View from City Road: Sir Terence must tread softly at the Treasury

When Josef Stalin was pressed by a French prime minister to stop suppressing Catholicism, he famously snorted: 'The Pope] How many divisions has he got?'. Given that the Catholic church looks set to last a good deal longer than the Communist party of the old Soviet Union, this put-down has not worn well. It nevertheless expresses a profound if cynical truth: secular power often depends on sheer force of numbers. Generals, industrialists - and civil servants - all measure themselves in part by the scope of their responsibilities.

That is one reason why yesterday's Treasury reorganisation is just a little worrying, for it concentrates still more divisions - of the bureaucratic rather than military kind - in the hands of the Treasury's powerful permanent secretary, Sir Terence Burns.

Instead of having seven senior mandarins reporting directly to him, Sir Terence will now have 10. The idea of the permanent secretary as primus inter pares among the three other Treasury permanent secretaries is gone. All the second permanent secretaries lose whole areas of responsibility directly to Sir Terence. He is truly the first Lord of the Treasury.

This is odd. Sir Terry, an affable Geordie, is one of the last people anyone would cast in the role of a power-hungry autocrat. The ostensible object of the exercise is the fashionable management notion of de-layering: cut out layers of managers, prune costs, clarify responsibilities and decentralise. But the proof will lie in the eating.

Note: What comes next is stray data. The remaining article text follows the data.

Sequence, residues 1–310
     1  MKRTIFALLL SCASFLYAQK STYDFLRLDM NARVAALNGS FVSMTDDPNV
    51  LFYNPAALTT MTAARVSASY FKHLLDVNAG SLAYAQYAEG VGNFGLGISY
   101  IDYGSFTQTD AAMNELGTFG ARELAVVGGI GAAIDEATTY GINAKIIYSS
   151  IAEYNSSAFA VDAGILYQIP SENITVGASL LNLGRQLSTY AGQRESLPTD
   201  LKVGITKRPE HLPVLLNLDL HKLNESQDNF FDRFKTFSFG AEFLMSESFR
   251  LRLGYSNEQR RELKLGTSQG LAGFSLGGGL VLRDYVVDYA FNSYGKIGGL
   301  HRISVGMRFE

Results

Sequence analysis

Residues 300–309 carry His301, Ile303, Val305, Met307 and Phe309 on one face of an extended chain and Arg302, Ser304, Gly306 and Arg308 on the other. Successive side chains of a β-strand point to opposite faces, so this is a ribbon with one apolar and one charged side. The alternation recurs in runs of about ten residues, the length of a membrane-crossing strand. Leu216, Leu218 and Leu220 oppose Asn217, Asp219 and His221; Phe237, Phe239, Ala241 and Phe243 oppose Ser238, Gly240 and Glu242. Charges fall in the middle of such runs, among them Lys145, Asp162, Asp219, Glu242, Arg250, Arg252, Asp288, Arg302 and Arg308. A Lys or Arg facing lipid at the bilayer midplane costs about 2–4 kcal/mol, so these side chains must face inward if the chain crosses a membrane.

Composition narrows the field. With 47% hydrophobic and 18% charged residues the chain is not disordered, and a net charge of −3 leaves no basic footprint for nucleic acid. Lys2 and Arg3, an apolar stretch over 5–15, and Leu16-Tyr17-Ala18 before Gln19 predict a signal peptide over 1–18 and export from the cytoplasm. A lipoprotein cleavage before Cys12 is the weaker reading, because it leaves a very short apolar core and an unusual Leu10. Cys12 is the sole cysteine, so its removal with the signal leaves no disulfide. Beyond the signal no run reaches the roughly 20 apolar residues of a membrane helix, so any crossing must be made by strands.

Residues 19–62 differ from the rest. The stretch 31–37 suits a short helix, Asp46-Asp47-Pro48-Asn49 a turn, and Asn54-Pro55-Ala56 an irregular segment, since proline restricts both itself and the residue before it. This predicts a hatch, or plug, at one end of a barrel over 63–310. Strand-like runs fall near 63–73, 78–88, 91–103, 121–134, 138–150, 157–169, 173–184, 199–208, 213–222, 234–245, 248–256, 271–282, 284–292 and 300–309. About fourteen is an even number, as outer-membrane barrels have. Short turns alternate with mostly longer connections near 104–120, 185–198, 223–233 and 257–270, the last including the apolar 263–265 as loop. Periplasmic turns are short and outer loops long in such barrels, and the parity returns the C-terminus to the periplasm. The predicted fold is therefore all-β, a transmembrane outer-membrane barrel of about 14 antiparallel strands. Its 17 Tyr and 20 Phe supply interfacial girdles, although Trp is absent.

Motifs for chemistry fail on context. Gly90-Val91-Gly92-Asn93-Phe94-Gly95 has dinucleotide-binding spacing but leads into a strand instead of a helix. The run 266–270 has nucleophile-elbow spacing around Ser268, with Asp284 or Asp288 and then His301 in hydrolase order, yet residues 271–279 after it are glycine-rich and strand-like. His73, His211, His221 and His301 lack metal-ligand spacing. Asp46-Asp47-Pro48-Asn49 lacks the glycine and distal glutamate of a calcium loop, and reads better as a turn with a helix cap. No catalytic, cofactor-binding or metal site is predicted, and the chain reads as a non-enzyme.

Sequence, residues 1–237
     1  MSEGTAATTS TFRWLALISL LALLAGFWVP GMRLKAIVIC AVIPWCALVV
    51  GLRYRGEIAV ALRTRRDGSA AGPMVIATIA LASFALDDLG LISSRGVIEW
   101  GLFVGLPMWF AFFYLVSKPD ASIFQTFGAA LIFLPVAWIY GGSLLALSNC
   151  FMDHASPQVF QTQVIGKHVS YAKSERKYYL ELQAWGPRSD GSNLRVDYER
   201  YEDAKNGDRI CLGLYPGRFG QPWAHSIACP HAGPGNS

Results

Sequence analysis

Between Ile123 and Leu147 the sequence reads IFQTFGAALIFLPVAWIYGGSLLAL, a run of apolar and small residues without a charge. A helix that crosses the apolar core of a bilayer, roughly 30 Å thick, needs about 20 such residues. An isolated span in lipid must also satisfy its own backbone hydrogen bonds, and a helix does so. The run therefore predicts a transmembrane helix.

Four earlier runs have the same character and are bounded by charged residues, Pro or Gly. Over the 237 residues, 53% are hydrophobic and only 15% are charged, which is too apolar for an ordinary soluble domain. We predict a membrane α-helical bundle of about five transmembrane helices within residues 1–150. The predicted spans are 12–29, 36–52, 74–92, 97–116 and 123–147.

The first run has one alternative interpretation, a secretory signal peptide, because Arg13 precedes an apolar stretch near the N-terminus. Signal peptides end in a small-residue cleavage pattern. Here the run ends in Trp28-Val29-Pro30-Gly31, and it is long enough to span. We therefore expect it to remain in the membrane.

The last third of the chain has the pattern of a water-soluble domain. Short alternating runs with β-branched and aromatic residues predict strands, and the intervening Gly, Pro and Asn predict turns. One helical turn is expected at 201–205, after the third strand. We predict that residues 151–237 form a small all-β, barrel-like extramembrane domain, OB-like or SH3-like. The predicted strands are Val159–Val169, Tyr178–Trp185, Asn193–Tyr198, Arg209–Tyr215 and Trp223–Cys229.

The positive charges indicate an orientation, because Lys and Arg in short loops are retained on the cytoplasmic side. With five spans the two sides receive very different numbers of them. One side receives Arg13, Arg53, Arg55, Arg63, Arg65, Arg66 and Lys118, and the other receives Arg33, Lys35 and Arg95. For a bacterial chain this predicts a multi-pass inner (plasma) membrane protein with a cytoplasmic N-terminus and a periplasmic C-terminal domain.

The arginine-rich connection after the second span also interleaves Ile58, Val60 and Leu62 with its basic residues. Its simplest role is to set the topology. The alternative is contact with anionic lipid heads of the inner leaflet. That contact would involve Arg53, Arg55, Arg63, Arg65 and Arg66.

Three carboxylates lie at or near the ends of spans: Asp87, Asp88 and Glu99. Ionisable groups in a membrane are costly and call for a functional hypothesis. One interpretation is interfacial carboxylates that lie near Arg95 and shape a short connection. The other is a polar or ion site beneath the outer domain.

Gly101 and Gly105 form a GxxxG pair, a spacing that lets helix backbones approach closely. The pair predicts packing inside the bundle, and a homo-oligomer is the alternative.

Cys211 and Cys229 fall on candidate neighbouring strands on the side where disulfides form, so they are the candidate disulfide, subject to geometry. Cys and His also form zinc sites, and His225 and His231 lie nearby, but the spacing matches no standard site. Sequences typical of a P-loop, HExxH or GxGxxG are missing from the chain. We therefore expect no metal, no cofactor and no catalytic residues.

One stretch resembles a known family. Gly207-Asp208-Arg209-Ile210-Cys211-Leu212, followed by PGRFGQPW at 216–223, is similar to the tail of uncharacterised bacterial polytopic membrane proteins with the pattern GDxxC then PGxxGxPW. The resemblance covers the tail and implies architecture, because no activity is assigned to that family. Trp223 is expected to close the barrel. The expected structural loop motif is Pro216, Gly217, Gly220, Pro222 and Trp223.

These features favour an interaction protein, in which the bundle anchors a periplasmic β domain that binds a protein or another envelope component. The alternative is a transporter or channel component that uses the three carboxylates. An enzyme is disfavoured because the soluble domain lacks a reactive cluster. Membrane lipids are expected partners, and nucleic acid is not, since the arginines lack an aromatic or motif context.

In effect, Sir Terry has conflated the two layers of management below him. The Treasury's three second permanent secretaries have each lost under-secretaries and divisions. Sir Nigel Wicks, the lugubrious international legman, loses five divisions including the key fiscal and monetary area, which becomes a free-standing fiefdom under Robert Culpin.

Andrew Turnbull, the permanent secretary in charge of public spending, loses 16 nitty-gritty divisions, which go into two more new groups, retaining responsibility only for overall strategy and for defence, which may be a signal of battles to come. The third permanent secretary and chief economic adviser, Alan Budd, has lost the two divisions dealing with public expenditure economics to Mr Turnbull.

At the same time, Sir Terry has created a new 'supply-side' empire under Steve Robson that will deal with industry, education and the City, reflecting the Chancellor's interest in improving the links between them.

Mr Robson now has a larger number of divisions than any of the second permanent secretaries, even though he is a grade lower as deputy secretary.

All this makes sense if Sir Terry can avoid meddling, and allow his new groups to act like go-getting divisions of a merchant bank rather than hierarchical units. But Sir Terry will have to be careful. The other area of concern is women: the departure of Rachel Lomax to the Cabinet office removes the only woman in the senior ranks of the Treasury. An import or five would do wonders.

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